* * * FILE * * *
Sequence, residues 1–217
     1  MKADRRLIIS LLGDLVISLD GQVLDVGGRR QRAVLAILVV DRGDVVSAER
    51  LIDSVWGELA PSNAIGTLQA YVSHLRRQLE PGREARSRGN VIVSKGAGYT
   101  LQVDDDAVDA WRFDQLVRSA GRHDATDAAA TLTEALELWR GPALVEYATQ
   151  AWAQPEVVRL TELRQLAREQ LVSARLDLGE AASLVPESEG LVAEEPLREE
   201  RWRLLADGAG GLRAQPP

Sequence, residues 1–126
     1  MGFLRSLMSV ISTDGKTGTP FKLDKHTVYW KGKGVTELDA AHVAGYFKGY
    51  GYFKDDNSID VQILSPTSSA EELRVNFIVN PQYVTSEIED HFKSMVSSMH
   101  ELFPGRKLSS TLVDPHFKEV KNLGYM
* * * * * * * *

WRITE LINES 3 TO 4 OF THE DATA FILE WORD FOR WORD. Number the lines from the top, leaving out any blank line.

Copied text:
    51  LIDSVWGELA PSNAIGTLQA YVSHLRRQLE PGREARSRGN VIVSKGAGYT
   101  LQVDDDAVDA WRFDQLVRSA GRHDATDAAA TLTEALELWR GPALVEYATQ